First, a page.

In large transformers, cooling by natural air is inadequate. In such cases, the transformer is located above the air chamber and a blast of compressed air is forced on core and windings with the help of blowers or fans. This improves the heat dissipation and hence higher specific loadings are allowed in dry type transformers. This reduced the size of transformers. The air supply must be property filtered to prevent accumulation of dust particles.
1.2 Cooling Methods for Oil Immersed Transformers
       The oil used as a coolant has following advantages,
1. It is good conductor of heat than air.
2. It has high coefficient of volume expansion. Due to this, adequate circulation is easily obtained.
3. The oil acts as an insulating medium, which increases the insulating strength.
       The only limitation of oil immersed transformers is that these transformers can not be used at places like mines where there are chances of fire hazard.
       The various cooling methods used for such oil immersed transformers are classified as, 
1. Oil natural (ON) :
       The transformer is immersed in oil so heat generated in core and windings is passed on to oil by conduction. The heated oil transfer heat to the tank wall from where it is taken away to the surrounding air. The assembly of oil immersed transformer is shown in the Fig.1.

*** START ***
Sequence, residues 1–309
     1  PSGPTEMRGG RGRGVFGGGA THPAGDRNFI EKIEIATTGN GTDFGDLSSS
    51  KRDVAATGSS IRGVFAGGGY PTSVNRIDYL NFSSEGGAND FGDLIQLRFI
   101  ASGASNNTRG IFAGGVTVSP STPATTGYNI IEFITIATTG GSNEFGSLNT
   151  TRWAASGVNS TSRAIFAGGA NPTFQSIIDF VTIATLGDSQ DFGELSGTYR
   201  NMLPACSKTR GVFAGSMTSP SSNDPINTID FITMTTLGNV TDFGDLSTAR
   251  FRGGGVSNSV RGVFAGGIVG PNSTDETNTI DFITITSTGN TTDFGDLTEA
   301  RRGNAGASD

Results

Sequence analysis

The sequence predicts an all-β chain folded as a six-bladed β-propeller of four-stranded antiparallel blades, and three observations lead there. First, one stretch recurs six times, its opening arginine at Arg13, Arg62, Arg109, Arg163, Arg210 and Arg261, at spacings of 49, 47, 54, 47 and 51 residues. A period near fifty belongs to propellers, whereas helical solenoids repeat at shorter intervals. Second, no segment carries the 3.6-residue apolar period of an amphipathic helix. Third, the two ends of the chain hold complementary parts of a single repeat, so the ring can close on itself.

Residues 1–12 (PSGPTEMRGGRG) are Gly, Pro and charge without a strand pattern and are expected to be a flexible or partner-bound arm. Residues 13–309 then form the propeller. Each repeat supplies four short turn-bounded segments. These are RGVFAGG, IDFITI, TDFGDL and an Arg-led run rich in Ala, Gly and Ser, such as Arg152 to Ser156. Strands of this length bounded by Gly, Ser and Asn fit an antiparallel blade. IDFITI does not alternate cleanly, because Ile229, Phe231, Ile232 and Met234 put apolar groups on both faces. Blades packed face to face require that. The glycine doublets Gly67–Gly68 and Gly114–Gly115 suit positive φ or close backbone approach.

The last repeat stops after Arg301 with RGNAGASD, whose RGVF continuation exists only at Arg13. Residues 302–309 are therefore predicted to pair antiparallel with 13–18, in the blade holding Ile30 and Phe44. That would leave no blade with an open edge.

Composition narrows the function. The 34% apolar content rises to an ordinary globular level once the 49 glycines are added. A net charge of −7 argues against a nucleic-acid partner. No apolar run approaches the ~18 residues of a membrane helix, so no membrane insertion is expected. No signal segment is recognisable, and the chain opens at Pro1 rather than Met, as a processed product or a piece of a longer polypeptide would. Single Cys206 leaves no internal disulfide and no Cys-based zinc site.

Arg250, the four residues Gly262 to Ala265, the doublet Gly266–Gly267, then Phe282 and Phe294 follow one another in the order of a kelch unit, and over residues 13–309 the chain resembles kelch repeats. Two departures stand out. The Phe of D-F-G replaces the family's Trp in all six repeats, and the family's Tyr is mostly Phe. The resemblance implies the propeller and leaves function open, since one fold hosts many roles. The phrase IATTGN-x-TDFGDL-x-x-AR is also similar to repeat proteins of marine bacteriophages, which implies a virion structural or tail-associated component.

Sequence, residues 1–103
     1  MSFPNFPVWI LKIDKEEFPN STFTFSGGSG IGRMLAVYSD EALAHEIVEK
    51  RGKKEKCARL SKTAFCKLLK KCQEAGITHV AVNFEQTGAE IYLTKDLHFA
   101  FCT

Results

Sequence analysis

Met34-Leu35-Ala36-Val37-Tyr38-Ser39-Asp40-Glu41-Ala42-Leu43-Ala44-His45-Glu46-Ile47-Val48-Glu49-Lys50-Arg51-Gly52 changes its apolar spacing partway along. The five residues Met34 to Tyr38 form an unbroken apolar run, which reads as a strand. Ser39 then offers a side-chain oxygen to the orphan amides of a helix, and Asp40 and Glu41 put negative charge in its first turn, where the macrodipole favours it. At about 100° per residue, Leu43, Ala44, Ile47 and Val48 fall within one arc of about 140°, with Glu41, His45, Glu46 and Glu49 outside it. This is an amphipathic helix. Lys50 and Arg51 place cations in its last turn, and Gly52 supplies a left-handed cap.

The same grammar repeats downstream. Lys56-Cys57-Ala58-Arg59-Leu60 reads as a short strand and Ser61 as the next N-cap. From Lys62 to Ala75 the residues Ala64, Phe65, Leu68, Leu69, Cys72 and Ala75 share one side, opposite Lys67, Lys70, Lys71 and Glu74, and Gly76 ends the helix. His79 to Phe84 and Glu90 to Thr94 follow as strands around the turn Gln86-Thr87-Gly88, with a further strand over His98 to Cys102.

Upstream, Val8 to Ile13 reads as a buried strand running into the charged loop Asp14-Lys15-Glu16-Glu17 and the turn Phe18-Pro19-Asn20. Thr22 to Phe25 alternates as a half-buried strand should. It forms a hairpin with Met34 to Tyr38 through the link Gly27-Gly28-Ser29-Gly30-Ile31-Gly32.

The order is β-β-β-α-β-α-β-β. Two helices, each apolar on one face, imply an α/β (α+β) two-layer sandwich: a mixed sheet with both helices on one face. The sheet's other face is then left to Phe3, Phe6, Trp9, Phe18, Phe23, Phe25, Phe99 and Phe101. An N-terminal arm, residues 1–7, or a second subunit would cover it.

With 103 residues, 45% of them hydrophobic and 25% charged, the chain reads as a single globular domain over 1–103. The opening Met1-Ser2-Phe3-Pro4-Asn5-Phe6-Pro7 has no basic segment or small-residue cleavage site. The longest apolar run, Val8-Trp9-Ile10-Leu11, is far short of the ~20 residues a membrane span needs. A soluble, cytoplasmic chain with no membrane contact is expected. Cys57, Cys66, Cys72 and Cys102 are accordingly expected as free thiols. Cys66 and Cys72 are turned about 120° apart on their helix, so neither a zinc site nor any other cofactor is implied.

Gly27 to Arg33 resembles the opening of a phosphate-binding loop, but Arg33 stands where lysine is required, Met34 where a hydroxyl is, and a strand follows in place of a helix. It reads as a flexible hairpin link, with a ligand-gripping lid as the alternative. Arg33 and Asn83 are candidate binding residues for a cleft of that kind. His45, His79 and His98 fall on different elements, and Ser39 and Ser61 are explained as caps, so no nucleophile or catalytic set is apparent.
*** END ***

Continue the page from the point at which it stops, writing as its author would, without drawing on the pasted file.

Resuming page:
Fig. 1  Oil immersed transformer

       The tubes are provided on the sides of a transformer tank. The oil in the tank is taken to the tubes. The circulation of oil through tubes causes the cooling.
        The temperature rise of a transformer can be reduced by,
1. Increasing the area of heat dissipation.
2. Decreasing the cooling coefficient.
       As the rating of transformer increases the plain walled tank can not be used. It is necessary to reduce the cooling coefficient. This is achieved by use of some improved methods of cooling.
       The transformers upto 30 KVA use plain walled tanks. But transformer with ratings higher than 30 KVA use corrugations, fins, tubes and radiator tanks. The Fig. 2 shows the fins and corrugations provided on tank walls.
Fig.  2  Tanks with fins and corrugations

       The Fig. 3 shows the tanks with the tubes and the external radiators.
Fig.  3  Tanks with tubes and radiators

       The heat developed inside the transformer is taken outside with the help of oil. The oil is cooled with the help of fins, tubes or external radiations by natural circulation of air.
       Hence these methods are called Oil Natural and Air Natural (ONAN) methods. The tubes are used for transformers upto ratings 5 MVA.
2. Oil Natural Air Forced (ONAF) :